Sunday, December 31, 2017

Real Life, Joy of Love - THAT Makes Families Holy

Christmas - Holy Family Yr B (2018)
Ss. Peter & Paul, Danville

“Just you wait until your father gets home…”  I wonder if Jesus ever needed to be scolded or corrected.  We know Jesus didn’t sin…but…does that mean He never got into trouble?  That He never needed to be put in “time out”?  I’m not sure…  “Listen to your mother and take out the trash before you go play with your friends.”  If Jesus had to grow and become strong and filled with wisdom, surely some of the same things that we go through in our families had to be commonplace in the Holy Family for those first years.  They were a poor family, and for several years they were refugee immigrants living in a foreign land.  Did the other children make fun of Jesus?  Did He get His feelings hurt?  How did Mary and Joseph love and nurture Him through the challenging and amazing moments?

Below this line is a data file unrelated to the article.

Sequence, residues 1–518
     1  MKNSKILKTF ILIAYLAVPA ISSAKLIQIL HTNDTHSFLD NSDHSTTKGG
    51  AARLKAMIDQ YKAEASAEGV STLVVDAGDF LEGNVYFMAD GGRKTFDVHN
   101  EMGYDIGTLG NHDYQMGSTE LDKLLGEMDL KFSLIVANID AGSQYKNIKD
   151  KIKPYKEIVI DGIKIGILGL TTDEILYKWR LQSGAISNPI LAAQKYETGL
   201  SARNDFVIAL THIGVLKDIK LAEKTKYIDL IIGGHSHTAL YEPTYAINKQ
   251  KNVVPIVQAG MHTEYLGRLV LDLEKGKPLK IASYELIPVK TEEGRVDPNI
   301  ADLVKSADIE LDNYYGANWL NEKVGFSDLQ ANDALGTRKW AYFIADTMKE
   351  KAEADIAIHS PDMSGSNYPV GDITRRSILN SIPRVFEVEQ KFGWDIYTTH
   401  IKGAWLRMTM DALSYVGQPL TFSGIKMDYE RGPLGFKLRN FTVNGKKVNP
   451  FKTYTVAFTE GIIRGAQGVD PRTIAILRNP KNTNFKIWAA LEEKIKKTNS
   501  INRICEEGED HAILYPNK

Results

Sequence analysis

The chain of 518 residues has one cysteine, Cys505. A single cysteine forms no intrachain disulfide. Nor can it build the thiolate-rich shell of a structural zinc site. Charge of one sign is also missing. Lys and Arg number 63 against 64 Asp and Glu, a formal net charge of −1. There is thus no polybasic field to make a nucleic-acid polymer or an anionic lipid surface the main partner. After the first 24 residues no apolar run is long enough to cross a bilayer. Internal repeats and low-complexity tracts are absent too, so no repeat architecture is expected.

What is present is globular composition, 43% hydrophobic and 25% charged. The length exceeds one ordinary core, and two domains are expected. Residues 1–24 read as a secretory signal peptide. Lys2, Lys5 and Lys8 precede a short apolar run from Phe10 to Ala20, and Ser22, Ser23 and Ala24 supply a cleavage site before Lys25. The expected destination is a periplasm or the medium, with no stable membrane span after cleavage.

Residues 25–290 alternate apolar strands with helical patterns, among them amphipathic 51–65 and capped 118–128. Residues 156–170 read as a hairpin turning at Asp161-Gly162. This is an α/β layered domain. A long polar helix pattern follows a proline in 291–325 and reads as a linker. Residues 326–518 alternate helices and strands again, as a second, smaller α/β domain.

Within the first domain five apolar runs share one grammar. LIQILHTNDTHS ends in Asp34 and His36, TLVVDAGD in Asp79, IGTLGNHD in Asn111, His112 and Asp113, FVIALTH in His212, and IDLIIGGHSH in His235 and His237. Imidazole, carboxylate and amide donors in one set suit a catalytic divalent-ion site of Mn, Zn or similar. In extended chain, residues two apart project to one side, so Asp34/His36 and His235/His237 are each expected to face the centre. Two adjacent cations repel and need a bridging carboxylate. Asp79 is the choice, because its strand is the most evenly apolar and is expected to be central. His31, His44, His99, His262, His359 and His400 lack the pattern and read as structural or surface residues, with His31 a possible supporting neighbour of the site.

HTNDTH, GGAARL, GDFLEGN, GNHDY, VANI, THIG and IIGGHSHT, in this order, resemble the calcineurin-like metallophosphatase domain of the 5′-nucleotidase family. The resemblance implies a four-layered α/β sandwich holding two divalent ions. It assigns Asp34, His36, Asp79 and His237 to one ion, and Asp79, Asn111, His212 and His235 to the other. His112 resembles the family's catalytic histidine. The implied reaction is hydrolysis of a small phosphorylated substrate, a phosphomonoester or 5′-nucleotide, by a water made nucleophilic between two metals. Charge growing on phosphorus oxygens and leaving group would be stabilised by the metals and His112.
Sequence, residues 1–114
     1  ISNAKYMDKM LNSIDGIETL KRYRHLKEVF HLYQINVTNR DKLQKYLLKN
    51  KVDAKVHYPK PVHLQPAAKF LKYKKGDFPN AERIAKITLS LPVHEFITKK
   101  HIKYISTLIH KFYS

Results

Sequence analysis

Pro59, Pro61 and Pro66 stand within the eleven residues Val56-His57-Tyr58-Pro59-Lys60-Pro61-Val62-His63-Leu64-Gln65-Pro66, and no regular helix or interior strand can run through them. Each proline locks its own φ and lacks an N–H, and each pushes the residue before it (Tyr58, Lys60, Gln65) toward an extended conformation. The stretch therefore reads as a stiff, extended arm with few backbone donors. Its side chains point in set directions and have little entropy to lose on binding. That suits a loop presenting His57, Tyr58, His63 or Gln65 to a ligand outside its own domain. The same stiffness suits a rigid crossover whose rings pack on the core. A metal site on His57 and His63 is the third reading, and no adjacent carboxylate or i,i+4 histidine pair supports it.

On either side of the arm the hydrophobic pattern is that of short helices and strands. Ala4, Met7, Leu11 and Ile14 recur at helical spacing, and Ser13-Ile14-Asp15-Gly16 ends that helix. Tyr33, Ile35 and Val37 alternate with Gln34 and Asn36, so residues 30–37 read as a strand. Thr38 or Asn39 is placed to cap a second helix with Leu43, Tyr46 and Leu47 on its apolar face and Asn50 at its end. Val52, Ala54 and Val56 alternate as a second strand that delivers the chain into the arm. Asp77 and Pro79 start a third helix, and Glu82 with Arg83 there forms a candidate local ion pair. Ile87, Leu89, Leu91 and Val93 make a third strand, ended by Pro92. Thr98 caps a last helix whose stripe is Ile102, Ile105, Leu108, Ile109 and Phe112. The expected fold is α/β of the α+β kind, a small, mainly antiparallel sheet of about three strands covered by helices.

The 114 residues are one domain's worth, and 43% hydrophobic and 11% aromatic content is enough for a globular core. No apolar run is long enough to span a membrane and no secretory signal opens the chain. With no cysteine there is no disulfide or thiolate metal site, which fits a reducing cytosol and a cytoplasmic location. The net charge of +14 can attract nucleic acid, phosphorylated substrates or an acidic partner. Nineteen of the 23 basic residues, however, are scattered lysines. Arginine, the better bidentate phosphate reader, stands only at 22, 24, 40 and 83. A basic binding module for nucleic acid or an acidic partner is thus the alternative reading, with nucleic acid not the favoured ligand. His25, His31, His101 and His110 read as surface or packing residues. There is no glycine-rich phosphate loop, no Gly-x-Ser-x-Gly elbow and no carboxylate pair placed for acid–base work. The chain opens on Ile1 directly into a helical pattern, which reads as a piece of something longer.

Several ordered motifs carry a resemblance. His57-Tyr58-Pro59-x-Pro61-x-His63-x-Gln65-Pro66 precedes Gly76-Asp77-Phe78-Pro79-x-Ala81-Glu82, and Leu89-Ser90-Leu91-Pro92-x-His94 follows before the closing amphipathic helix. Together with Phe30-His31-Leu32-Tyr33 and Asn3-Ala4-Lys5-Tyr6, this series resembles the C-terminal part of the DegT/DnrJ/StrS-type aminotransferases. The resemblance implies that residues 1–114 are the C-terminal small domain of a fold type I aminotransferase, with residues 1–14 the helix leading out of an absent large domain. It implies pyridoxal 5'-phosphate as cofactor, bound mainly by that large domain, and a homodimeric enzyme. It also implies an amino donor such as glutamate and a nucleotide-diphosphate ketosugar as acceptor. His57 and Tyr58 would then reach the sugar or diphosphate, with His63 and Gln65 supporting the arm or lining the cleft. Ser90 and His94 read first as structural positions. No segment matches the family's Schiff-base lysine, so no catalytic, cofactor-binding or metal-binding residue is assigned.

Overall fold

I’m not a good enough theologian to have many of the answers about life in the Holy Family – but I do have lots of questions.  How did Mary and Joseph guide Jesus as He came to a full understanding or awareness of who He was?  Mary had some important answers – “Yes, Son – you are the Messiah.  God is your Father in a way different from the rest of us.”  But…did Jesus have questions about all that in His younger years?  He was fully God, so certainly He had some awareness – but He was fully human, too – so, did Mary and Joseph have to help Him understand it ever more completely as He grew?  At the very least, they had to parent Him through those quiet years where Scripture is silent.  Dirty diapers.  Scrapped knees.  Learning to speak, learning to read.  Practicing their faith.